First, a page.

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9 Weird Facts About Earth To Celebrate Earth Day

 

Since 1970, Earth Day has been here to showcase the beautiful planet third from the sun that we call home. More specifically, Earth Day has been used to highlight the various environmental problems that our planet has faced.

 

1. Earth’s Core Is As Hot As The Sun’s Surface

 

 

“Within uncertainty, the temperature at the center of the Earth is the same as the temperature at the surface of the sun (5800 K),” Caltech geochemist Paul Asimow tells Popular Mechanics. At about almost 10,000 degrees Fahrenheit, that’s hot.

 

 

2. Earth Is Radioactive

 

 

In total, Earth generates as much as 40 terawatts of heat, half of which comes from radioactive decay in its core, according to a 2011 study. Scientists measured particles called antineutrinos that streamed up from Earth’s core and found that half of Earth’s heat is generated through the radioactive decay of certain elements.

 

 

3. Moss Are Everywhere

 

 

“Mosses live on the surface soils in deserts all across the world. A cool thing about moss is that they have the ability to capture water straight out of the air using these specialized structures that look like little hairs coming out of their leaves—called awns,” USGS research ecologist Sasha Reed, tells Popular Mechanics. “In the dry places that these mosses live, this is a pretty cool trick!”

 

 

4. Earthquake Weather Is A Myth

 

 

“Each culture has a its own version of ‘earthquake weather’ to rationalize when and where a earthquake will hit,” seismologist Dr. Lucy Jones of Caltech tells Popular Mechanics. “Earthquakes are below the surface and need a constant fault to happen and this has nothing to do with weather.”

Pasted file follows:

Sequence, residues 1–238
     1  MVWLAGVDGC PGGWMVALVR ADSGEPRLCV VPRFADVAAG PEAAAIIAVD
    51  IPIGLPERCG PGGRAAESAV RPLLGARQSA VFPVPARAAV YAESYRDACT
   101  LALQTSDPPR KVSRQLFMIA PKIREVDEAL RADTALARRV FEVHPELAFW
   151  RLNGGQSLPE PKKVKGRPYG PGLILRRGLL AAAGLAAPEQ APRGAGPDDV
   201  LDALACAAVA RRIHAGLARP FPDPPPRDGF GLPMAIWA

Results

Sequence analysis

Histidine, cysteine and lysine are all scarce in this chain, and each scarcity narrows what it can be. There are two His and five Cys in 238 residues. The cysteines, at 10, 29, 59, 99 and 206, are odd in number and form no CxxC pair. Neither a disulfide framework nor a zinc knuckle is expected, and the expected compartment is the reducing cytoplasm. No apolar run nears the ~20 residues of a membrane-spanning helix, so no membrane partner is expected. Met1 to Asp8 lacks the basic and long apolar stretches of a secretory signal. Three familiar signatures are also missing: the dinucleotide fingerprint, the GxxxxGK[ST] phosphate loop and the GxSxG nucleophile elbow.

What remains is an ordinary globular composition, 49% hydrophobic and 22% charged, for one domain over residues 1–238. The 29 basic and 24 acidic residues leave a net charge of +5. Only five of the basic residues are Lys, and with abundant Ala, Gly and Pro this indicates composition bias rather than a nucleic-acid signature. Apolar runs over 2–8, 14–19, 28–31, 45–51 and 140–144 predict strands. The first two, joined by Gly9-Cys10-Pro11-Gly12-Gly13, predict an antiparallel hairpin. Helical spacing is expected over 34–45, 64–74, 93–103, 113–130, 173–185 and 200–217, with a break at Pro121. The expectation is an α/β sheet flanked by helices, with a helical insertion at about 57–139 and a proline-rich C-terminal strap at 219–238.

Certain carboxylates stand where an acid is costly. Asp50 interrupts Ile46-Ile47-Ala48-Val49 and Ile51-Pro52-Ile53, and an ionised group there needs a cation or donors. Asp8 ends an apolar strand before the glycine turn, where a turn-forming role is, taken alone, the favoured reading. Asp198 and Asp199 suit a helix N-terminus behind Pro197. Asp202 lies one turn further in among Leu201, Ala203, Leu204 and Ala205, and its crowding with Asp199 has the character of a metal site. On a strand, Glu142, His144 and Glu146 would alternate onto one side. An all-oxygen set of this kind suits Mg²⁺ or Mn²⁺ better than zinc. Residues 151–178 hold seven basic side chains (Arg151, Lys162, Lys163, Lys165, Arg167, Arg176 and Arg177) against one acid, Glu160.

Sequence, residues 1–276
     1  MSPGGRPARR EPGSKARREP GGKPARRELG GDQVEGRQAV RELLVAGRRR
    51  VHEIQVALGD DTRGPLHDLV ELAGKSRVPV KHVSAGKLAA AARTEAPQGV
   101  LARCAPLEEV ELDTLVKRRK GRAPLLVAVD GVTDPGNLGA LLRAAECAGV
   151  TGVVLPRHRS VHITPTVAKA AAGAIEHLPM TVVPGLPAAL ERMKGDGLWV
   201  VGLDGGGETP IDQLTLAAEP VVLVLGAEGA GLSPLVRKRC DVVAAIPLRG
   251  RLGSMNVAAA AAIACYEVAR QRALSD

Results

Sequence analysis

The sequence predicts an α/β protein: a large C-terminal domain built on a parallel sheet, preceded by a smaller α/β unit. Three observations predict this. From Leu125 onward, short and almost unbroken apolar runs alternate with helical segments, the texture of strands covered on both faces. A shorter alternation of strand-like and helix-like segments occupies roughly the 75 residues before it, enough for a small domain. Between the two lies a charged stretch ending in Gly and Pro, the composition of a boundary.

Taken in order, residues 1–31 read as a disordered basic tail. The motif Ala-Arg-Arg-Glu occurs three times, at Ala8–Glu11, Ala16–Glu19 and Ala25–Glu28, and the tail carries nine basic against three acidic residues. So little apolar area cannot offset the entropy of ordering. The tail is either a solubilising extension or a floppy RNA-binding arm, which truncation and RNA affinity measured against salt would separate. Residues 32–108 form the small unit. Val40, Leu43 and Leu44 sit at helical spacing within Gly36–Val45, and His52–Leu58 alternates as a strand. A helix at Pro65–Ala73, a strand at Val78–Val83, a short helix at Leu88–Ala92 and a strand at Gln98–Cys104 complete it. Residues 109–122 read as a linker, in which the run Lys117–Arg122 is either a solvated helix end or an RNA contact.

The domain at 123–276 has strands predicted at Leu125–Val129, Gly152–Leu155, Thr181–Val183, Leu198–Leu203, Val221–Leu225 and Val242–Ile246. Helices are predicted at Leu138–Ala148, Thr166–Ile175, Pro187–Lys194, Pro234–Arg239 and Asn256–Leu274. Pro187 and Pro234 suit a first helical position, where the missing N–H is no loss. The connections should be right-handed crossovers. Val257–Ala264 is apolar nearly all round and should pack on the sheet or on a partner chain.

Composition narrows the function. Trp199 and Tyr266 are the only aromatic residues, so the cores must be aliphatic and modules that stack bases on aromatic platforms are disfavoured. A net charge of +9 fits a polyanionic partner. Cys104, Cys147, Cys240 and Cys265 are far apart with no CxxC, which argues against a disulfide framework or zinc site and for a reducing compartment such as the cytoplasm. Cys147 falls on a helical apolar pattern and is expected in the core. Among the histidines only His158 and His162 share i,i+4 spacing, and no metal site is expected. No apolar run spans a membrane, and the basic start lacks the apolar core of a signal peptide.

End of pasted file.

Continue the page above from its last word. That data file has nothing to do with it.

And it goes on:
5. No One Knows Who “Named” The Earth

 

 

Unlike other planets, no real historical data can be found on the person (or group) that named our planet “Earth.” The term Earth comes from Old English and High Germanic and is the only planet not named after a Greek or Roman god.

 

 

6. Earth Is A Heat Engine

 

 

“Earth is a giant heat engine. Heat from the Sun is absorbed where it is warm (the low latitudes and the surface) and heat is radiated as infrared where it is cold (the higher latitudes and the atmosphere),” Andy Ingersoll, a planetary scientist at Caltech, tells Popular Mechanics. “The work of the heat engine goes into the kinetic energy of winds and storms.”

 

 

7. Route 66 Is Longer Than The Distance To The Earth’s Core

 

 

“The boundary between Earth’s mantle and core is roughly 3000 km below our feet—a little less than the total length of America’s ‘Mother Road’, Route 66.,” seismologist Jennifer Jackson of Caltech tells Popular Mechanics. “Thought to be a simple interface between solid rocks and liquid iron-rich metal, this remote region is almost as complex as Earth’s surface.” “Impossible to reach in person, geophysical and experimental studies of this distant region reveal a fascinating landscape of chemical and structural complexity that influence what’s happening on Earth’s surface,” Jackson says.

 

 

8. A Magnitude 12 Earthquake Would Split The Earth In Half

 

 

“We’ve never seen anything larger than 9.5 and it was longer than the state of California,” says Jones. “It would be theoretically impossible to have a magnitude 13 earthquake since it would require a fault bigger than the Earth.”

 

 

9. There Are More Viruses Than Stars In The Universe

 

 

Earth is teeming with viruses. There are an estimated 10 nonillion individual viruses on the planet. That’s “enough to assign one to every star in the universe 100 million times over,” Katherine J. Wu writes in National Geographic.

 

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